A herbal cure for cancer? Beware…

March 27, 2010 12:00 am

, NAIROBI, Kenya, Mar 26 – Many children learn early; to pick an apple beyond their reach, they climb onto the shoulders of a playmate.

Similarly, within the field of medicine, something similar has taken place. Medical researchers have reached higher and higher up the scale of achievement by standing on the shoulders of eminent practitioners of the past.

Among those earlier healers were well-known men such as Hippocrates and Pasteur, along with men such as Vesalius and William Morton names unfamiliar to many but modern medicine owes a lot to them.

In ancient times the healing arts were often not a scientific venture but an exercise in superstition and religious ritual.

In time, though, medical practice became increasingly scientific in its approach. The foremost ancient scientific healer was Hippocrates. He was born about 460 B.C.E. on the Greek island of Kos and is regarded by many as the father of Western medicine. Hippocrates laid the basis for a rational approach to medicine.

Centuries later, it is astonishing when many people turn to herbal medicine as a means of supposedly curing their ailments especially life threatening ones.

Mukisa Okwaro is a cancer patient living in Kenya. He has been suffering from the ailment for the last three years. He told Capital Newsbeat that by the time he had knowledge of his condition, the cancer had already spread to his liver.

He explained that the he had lost all hope in life when a friend of his introduced him to a doctor who specialises in herbal medicine.

“By the time I was diagnosed, my cancer had already spread to the liver and when I did my research, I realised that once it goes to the liver there is really not much hope, or so I thought,” he stated.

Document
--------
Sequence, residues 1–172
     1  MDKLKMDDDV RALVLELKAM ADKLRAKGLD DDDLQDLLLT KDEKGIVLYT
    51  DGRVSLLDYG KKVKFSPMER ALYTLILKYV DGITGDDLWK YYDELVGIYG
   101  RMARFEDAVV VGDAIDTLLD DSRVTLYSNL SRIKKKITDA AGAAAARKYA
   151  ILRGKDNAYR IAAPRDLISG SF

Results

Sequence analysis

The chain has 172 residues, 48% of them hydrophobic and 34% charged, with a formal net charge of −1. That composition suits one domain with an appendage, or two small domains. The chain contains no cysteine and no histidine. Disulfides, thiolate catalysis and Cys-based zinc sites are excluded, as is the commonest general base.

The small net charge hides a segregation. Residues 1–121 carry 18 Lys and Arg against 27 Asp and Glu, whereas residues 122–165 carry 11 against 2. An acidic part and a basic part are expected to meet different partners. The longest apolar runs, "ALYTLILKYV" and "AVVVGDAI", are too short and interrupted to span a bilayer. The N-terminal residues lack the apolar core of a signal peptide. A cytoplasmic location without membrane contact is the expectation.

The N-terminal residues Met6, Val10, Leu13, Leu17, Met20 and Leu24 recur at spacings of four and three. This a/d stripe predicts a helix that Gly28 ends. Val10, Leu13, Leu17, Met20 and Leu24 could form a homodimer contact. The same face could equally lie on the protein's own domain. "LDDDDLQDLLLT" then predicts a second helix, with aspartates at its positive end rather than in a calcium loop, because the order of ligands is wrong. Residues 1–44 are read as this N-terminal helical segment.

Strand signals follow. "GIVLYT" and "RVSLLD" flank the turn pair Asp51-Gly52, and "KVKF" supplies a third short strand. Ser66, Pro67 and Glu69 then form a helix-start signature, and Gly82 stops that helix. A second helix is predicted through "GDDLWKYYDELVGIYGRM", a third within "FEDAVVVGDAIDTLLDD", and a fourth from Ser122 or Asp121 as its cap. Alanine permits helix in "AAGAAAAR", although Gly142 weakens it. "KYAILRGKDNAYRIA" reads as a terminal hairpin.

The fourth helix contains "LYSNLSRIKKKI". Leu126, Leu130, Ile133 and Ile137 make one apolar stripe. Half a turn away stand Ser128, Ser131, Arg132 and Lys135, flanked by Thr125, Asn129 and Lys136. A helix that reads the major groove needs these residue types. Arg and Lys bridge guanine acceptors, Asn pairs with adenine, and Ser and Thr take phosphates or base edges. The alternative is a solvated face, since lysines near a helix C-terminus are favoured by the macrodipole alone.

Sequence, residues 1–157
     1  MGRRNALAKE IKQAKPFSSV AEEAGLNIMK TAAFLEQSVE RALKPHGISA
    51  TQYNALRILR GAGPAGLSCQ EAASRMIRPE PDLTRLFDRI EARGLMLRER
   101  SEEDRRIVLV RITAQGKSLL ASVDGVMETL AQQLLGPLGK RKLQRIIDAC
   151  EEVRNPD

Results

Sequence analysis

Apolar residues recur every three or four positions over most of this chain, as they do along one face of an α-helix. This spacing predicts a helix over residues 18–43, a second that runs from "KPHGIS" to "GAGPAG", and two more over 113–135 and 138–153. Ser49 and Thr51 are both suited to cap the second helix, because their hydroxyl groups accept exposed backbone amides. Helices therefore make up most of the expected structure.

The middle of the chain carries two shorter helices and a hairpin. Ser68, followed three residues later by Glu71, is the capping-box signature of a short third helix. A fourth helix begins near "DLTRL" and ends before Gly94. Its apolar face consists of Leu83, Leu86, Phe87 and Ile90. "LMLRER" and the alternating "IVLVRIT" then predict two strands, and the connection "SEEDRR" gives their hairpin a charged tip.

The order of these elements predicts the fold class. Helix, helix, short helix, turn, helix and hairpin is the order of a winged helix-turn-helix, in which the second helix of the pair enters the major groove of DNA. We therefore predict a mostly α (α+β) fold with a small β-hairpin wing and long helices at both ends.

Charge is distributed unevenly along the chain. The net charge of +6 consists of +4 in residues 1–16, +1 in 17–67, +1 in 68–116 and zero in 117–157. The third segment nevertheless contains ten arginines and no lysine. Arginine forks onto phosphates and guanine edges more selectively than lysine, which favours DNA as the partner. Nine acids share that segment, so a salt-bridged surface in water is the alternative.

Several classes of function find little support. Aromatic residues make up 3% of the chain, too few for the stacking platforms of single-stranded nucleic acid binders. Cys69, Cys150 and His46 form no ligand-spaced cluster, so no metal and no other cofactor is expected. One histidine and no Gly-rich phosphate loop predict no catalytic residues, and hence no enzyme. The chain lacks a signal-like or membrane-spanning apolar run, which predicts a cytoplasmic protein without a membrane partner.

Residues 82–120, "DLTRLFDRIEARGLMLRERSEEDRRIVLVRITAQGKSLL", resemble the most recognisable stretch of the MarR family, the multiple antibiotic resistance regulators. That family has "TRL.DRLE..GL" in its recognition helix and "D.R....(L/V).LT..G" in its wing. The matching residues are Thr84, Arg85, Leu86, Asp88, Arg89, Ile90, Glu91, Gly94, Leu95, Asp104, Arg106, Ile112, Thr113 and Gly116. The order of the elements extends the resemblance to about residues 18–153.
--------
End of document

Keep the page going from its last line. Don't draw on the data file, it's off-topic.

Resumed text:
“I was very desperate and the first thing I thought of was to look for somebody who can help me. I was introduced to a certain doctor who specialises in alternative therapy using food supplements and herbal medicine,” he said.

“At that particular time, I was bleeding profusely. The therapist however assured me that the bleeding would stop in time and he would return to normal health,” he recounted.

He described the treatment he was subjected to as very expensive as he had to use more that Sh300,000 to cater for the medical costs.

“It was a very expensive treatment because to start all the treatment I had to pay a down payment of Sh150,000 and then afterwards had to add another Sh150,000,” he said.

Mr Mukisa however had to stop the treatment when his condition instead of getting better deteriorated much further. He said that when he presented himself to the Nairobi Hospital, it was discovered that the cancer he was suffering from could be treated using modern medicine.

“As my condition deteriorated, I was admitted to Nairobi Hospital since I had already lost a lot of blood. I was actually taken in and diagnosed with acute anaemia,” he stated.